I’m pretty sure we’re on week 9 of A People’s Readalong. A (shrinking) group of us are reading one chapter a week from Howard Zinn’s classic history book, A People’s History of the United States. We hope to finish sometime in July. And now that we’ve moved to posting every other week, I’ve discovered that it’s just that much easier to procrastinate.
This may not be a change for the better after all.
This week’s (and last week’s) reading covers chapters 8 and 9. I thought chapter 8 (We Take Nothing By Conquest, Thank God (and if ever there was a chapter title chock full of irony, that’s the one)) was a bit of an odd duck, with it’s focus on the Mexican-American War. Sure, there’s the recurring theme of conquest (but only because people want it), but this chapter focused primarily on one war. One. Something that I was beginning to think Zinn was incapable of doing. Usually, he likes to pack in as much detail and facts and skirmishes and rebellions as he possibly can, so this chapter was almost refreshing in its lack of overwhelming fact (not that I generally consider war to be refreshing). Also, I pretty find military history mind-numbingly boring (I had to take an entire quarter of military history in college, and I still haven’t recovered from the trauma of listening to wanna-be soldier boys discuss and plot troop movements).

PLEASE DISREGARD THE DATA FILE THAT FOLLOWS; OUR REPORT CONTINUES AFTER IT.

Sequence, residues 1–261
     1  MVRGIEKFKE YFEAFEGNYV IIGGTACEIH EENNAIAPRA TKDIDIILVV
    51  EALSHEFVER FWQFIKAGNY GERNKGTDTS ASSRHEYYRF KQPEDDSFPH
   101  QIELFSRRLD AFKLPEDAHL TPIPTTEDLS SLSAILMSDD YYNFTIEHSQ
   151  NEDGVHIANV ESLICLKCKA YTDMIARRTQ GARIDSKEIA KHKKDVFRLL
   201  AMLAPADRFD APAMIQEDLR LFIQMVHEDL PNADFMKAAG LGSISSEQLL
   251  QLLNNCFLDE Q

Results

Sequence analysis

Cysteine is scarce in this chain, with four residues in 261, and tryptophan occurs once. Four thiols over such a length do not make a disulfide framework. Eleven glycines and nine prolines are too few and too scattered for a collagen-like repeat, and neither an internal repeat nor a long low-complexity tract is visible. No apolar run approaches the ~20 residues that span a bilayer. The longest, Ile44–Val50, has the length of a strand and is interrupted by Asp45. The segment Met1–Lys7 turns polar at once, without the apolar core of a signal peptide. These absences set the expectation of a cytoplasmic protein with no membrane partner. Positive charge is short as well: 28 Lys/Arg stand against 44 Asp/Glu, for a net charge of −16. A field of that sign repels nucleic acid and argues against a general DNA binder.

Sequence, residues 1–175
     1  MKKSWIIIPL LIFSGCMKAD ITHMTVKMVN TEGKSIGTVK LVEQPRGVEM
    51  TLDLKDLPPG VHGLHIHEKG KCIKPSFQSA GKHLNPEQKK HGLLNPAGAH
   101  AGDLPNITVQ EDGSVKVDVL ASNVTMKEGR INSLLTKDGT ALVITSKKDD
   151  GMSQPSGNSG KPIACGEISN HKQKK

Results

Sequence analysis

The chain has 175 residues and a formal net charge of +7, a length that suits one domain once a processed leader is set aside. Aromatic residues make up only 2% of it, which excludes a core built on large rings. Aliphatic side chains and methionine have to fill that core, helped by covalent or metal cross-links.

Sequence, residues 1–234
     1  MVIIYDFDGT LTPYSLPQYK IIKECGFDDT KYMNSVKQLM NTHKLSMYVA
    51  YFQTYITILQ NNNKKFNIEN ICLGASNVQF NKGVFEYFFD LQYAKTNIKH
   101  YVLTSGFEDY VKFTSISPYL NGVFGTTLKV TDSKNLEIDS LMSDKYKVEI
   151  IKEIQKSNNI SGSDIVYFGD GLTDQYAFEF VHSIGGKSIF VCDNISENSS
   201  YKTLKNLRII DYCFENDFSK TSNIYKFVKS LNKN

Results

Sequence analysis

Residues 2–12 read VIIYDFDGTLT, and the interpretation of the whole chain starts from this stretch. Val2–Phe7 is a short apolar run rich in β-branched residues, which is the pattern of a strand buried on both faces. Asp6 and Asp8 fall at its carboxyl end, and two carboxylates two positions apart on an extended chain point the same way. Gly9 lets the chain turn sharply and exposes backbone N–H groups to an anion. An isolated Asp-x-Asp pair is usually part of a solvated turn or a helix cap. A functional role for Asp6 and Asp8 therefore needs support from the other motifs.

Anyhoosie. Chapter 8. Mexican-American War. More westward movement. The rich get richer. Who cares what the little people think about war. Forcible conscription. Senseless death. The US grows by leaps and bounds. Blah blah blah.
And that brings us to Chapter 9: Slavery Without Submission, Emancipation Without Freedom. I’m not really sure, but I think we cruised right by the Civil War (which is weird, since we just had a chapter that focused on another war). Zinn talks about how, for one brief shining moment, things were on track in the South after the Civil War (for example, blacks were voted into public office). And then, whammo. Things got ugly again. And no one of any importance (importance being those in power) cared.
I know, I sound a bit blase about it all. That’s because I’m ready to move on to some new themes. In my opinion, Zinn is a master at beating a dead horse.